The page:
Traditional fashion sold in an untraditional way

Myanmar fashion is having a watershed moment.


From transgender designer Mogok Pauk Pauk’s who brought an international standard to Myanmar fashion after studying in Milan, Italy to Pyae Soe Aung, who blends traditional dresses with Western styles, the country’s fashion scene is at once becoming more global and locally-sourced.

Take Mandalay born, Hnit Oo May for example. Unlike her contemporaries, the 31-year-old never formally studied fashion but that hasn’t stopped her from becoming one of the country’s most popular designers of cotton blended longyis.

Over the years Hnit Oo May has taught herself everything she needs to know about designing, from where to source her materials to what the latest trends are in Myanmar fashion.

“I love Myanmar style dresses,” she said. “I am absolutely struck when I see women on the street wearing a Myanmar short blouse and longyi.

“I used to wear Myanmar cotton cloths as they are very comfortable,” she recalled.

Prior to starting the successful made-to-order longyi Facebook page, in February 2017, Hnit Oo May worked for three years as an editor for the Mandalay fashion magazine, In Style.

She never expected to become a designer herself but in the three months since she’s opened her online business, “Hnit Oo May Burmese Attire” has amassed over 1,000 followers.

Hnit Oo May’s designs emphasise a simple design and packaging as well as premium cotton quality to beat the heat during hot season.

Though cotton is a more comfortable and breathable material, many people prefer other coarser fabrics, wary of colours bleeding through in the wash. Coarse cotton, in particular, she found, generally produces a greater variety of designs, patterns and colours.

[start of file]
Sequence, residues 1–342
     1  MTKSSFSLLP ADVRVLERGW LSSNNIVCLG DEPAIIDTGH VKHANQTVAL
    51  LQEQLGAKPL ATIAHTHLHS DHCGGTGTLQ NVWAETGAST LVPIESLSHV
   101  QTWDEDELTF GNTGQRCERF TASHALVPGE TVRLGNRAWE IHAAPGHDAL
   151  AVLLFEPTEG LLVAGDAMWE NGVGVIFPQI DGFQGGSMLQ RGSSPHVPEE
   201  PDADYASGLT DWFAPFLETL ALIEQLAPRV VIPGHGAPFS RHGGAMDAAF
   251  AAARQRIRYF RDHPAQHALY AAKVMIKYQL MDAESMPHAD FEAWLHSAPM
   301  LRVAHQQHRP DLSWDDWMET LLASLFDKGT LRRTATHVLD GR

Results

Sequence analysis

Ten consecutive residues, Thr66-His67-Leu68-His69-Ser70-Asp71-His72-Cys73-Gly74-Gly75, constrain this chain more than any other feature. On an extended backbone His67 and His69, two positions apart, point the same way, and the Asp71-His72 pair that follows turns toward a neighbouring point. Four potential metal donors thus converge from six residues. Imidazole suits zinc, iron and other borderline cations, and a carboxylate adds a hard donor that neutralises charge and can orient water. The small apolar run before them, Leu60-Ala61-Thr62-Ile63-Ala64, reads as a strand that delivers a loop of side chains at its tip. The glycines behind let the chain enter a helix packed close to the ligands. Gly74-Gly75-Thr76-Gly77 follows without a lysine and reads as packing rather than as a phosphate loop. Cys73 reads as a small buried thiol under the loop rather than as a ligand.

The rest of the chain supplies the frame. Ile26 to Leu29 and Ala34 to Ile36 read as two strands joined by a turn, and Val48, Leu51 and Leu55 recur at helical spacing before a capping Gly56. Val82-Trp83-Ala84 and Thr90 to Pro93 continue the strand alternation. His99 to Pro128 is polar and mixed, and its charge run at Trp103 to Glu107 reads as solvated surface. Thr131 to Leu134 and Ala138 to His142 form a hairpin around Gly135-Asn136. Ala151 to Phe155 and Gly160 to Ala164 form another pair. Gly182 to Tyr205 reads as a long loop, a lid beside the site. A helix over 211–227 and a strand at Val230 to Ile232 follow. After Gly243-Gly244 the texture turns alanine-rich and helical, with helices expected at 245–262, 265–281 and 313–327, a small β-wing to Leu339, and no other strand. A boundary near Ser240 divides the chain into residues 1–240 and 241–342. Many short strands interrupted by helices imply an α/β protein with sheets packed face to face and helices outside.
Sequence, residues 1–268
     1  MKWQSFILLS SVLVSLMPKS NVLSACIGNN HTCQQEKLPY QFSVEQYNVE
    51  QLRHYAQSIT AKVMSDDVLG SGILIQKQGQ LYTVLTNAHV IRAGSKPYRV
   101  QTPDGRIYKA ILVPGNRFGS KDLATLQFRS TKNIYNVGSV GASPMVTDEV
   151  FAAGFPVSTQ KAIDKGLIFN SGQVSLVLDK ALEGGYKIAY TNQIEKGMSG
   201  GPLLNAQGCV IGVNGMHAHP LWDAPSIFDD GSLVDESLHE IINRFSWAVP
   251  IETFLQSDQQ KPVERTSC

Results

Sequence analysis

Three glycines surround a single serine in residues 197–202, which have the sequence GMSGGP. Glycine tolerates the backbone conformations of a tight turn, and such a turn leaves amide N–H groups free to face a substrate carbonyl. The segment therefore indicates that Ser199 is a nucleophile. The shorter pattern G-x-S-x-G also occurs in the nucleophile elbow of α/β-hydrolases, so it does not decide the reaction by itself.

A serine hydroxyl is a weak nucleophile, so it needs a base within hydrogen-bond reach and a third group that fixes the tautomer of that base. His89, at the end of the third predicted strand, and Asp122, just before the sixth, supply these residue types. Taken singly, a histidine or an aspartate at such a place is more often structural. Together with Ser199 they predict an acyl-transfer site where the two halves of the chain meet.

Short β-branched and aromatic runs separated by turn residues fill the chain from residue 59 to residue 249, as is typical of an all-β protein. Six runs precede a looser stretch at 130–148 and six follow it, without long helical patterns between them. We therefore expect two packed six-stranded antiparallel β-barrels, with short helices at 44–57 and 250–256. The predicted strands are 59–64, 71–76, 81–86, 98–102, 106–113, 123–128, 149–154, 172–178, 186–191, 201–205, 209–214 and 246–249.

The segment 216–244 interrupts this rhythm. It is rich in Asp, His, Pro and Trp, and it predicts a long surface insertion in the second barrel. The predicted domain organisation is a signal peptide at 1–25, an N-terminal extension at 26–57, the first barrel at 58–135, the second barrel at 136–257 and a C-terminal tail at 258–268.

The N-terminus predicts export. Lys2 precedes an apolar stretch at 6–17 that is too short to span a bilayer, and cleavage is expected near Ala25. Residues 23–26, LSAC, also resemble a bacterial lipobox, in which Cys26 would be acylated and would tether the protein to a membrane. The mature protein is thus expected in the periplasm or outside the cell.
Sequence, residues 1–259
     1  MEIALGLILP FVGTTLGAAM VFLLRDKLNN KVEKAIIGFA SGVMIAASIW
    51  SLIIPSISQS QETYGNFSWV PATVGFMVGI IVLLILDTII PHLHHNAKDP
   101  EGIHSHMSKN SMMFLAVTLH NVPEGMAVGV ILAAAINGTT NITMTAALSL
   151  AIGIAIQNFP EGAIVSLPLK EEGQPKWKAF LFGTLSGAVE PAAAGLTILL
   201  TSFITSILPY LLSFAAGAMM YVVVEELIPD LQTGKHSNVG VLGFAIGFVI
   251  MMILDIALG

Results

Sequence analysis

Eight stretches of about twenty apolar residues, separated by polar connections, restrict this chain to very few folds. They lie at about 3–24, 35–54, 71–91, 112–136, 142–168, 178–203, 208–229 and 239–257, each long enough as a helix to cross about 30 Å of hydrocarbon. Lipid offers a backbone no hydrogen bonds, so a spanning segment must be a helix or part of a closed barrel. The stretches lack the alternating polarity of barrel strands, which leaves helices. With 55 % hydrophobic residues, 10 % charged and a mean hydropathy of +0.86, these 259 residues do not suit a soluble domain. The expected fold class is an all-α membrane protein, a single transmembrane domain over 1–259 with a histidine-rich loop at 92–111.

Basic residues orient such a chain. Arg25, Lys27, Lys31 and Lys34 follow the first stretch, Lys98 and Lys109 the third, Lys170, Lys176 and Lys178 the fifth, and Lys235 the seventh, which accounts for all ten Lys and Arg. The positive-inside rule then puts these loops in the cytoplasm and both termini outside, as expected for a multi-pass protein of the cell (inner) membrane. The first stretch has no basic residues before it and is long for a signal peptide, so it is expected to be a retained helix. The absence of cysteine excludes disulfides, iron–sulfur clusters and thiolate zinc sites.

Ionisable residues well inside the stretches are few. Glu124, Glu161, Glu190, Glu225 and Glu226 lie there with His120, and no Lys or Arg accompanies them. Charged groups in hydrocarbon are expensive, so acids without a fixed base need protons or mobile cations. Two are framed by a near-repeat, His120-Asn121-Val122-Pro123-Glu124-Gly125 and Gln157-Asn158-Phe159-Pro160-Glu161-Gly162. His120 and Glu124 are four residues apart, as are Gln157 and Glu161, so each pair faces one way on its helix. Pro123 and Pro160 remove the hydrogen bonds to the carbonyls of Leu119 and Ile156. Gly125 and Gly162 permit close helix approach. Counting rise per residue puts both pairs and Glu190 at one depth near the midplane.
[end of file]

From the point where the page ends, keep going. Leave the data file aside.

While Hnit Oo May knows the drawbacks of using a either cotton types, she is careful to order only the best quality cottons and coarser ones from upper Myanmar as they are more durable and rarely seen in other markets.

Most of the coarse cottons come from the Magwe, Sagaing and Mandalay cities of Pakokku, Monywa and Myingyan.

The light cotton fabrics come from a range of cities in Shan State.

“People from upper Myanmar usually wear coarse clothes because it’s good for both summer and winter,” she said. “Most women there weave their own clothes while they rest after the harvest. They dye their clothes and use natural colours.”

Hnit Oo May’s own mother is from upper Myanmar and her fashion line has been inspired by the fabrics she saw and sampled while visiting the region.

Now Hnit Oo May orders her fabrics exclusively from the region, both to pay homage to her mother’s hometown and preserve traditional cloth-making techniques.

“At first, I ordered fabrics from them and turned them into Myanmar style dresses with the help of my designer. Then I put the designs on Facebook,” she said. “Many people liked my tailor made dresses and I began accepting orders from all around. That’s how I started out.”

Recently, Hnit Oo May has been experimenting with mixing light and coarse cottons together for a new blended feel as clients have noted discomfort with coarse cotton.

“At first I wasn’t satisfied with the quality of the coarse cotton fabric,” she said. “Some people are allergic to the fabric and most market bought fabrics are resistant to a heavy wash. Some fabrics shrink, or get stretched out or bled.

“I have to control the dyeing process. This is why I make a limited number of dresses, in order to maintain the quality,” she added.

For women, she now offers four blouse styles and two longyis to match. Dresses including a blouse and longyi range from K30000 to K40000. Blouses alone start from K10000.

For men, a long sleeve skirt starts at K19000 while a short sleeve one fetches K17000.

Hnit Oo May has also just begun tailoring services for couples for special occasions.

Dresses take two to three weeks from the order date.

Though Hnit Oo May now faces a sea of competitors with the increase of international brands entering Myanmar markets, she still is confident in her traditional designs.

“I will continue my business for the people like me who want to wear and celebrate Myanmar tradition and clothing,” she said. “It’s our traditional way and our duty.”

“Hnit Oo May’s Burmese Attire” is now accepting orders via Facebook.


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